CCTS Pilot Funding Program Expands to Include New Disease-Focused, Collaborative Categories

Lexington, Ky. (Feb. 10, 2017) – The University of Kentucky Center for Clinical and Translational Science (CCTS) has expanded its pilot awards program and is now accepting applications. Letters of intent are due Feb. 22 at 5 p.m.

The CCTS pilot funding program provides opportunities and resources for innovative, collaborative research relevant to the health challenges and disparities faced by the nation. The funding for these pilot studies is derived from the CCTS program in partnership with other UK centers and other universities in the Appalachian Translational Research Network (ATRN).

The pilot funding program has expanded to include a new category for health disparities research as well as two new collaborative grants, one with Wake Forest University and the other with the Western States Consortium, which the UK CCTS recently joined. These new categories are in addition to the previously existing categories for  community engagement and projects with diseased-focused centers (Barnstable-Brown Diabetes and Obesity Center, Markey Cancer Center, Sanders-Brown Center on Aging, and the Spinal Cord and Brain Injury Research Center), as well as existing pilot collaborations with University of Cincinnati and Marshall University. The full RFA is available here.

Applications in the health disparities pilot category must target two or more social determinants of health or two or more levels of influence (individual, interpersonal, organizational, community or public policy) to propose a study which examines or proposes to intervene in achieving health equity for a vulnerable population. Pilot projects should also include a qualified mentor and mentoring plan where appropriate.

Collaborative pilot awards are designed to catalyze the development or enhance the maturation of multi-institutional research teams capable of performing highly innovative, extramurally fundable research that will continue to contribute to the health and wellbeing of Appalachia. Applications must include principal investigators from both institutions. These grants reflect the CCTS's position as a regional hub for clinical and translational research in Appalachia.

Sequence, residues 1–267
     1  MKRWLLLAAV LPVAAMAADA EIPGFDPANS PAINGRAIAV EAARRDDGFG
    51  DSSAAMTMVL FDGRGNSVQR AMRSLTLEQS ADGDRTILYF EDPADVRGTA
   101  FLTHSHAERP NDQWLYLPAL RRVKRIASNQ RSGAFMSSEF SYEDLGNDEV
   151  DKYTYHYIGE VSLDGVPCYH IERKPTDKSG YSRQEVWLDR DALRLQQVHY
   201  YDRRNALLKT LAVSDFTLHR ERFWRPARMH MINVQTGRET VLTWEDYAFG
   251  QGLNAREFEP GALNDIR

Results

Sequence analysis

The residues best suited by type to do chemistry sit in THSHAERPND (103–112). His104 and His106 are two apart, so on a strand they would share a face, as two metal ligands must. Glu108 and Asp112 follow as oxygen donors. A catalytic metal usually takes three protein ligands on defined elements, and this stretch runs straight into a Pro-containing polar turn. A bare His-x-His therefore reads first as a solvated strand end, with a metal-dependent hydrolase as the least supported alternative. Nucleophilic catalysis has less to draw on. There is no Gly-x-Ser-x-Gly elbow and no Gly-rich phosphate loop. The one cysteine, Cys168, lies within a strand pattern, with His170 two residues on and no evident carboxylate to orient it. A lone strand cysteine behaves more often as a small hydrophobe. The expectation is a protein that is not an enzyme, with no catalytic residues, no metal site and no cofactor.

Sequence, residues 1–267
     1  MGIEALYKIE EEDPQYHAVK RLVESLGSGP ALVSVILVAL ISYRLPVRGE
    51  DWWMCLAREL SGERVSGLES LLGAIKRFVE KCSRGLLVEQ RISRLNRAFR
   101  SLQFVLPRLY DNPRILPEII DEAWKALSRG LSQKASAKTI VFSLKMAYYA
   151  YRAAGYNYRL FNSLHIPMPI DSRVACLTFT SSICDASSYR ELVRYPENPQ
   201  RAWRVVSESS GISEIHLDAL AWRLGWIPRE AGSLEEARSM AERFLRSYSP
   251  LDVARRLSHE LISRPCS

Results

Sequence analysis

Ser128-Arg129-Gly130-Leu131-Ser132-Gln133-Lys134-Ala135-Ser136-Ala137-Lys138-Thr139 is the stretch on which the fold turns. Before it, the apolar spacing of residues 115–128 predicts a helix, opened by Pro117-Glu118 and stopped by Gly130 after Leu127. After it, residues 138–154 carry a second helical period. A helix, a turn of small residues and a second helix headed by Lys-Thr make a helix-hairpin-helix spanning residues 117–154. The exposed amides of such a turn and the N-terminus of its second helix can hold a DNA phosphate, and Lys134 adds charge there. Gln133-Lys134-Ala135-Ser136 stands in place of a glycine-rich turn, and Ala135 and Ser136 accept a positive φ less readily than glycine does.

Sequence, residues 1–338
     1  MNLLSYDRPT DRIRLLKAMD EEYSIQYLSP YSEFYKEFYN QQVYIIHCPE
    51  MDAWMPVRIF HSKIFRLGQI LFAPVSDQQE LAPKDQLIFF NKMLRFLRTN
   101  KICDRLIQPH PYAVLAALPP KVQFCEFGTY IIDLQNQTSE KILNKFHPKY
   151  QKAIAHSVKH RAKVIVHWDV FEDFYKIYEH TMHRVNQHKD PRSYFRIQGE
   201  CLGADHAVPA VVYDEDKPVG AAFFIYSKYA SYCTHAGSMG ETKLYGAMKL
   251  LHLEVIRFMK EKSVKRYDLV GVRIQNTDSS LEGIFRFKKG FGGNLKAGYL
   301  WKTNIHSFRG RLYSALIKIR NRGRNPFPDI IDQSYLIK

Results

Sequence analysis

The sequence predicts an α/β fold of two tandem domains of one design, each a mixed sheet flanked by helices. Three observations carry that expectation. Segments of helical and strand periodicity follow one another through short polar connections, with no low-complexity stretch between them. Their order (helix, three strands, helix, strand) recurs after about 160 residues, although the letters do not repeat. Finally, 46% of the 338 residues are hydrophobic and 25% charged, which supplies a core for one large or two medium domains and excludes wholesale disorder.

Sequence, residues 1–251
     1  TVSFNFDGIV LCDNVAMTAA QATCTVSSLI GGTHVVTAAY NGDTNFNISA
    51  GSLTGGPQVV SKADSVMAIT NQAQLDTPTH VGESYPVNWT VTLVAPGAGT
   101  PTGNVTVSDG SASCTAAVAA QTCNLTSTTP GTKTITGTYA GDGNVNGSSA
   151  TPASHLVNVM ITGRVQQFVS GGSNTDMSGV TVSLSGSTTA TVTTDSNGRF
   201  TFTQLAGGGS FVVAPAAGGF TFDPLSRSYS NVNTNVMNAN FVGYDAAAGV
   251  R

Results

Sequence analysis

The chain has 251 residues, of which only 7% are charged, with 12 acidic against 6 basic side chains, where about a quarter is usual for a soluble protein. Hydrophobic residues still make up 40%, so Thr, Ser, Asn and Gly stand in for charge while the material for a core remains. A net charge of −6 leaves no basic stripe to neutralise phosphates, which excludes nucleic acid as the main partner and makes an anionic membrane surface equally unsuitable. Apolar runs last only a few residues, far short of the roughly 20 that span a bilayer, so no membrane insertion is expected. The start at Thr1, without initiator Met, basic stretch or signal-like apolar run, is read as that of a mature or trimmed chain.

Research for collaborative awards can be any health-related topic that addresses a significant health issue identified by the community. Research activities may include but are not limited to conducting community assessments, analyzing existing data, pilot testing data collection instruments or procedures, conducting formative research on intervention strategies or messages and testing intervention feasibility.

Questions about the pilot funding program should be directed to Elodie Elayi, CCTS research development coordinator, at

The CCTS is also accepting applications for its small grant program (rolling), the TL1 Training Program for pre-doctoral students in clinical and translational science (due March 31), and CTSA Consortium Multi-Institutional Collaborative Translational Research Pilot Grants (rolling).

In March, the CCTS will release RFAs for drug development and discovery as well as the ATRN/ Community-Academic Partnership Stimulation Project.

Media Contact: Mallory Powell,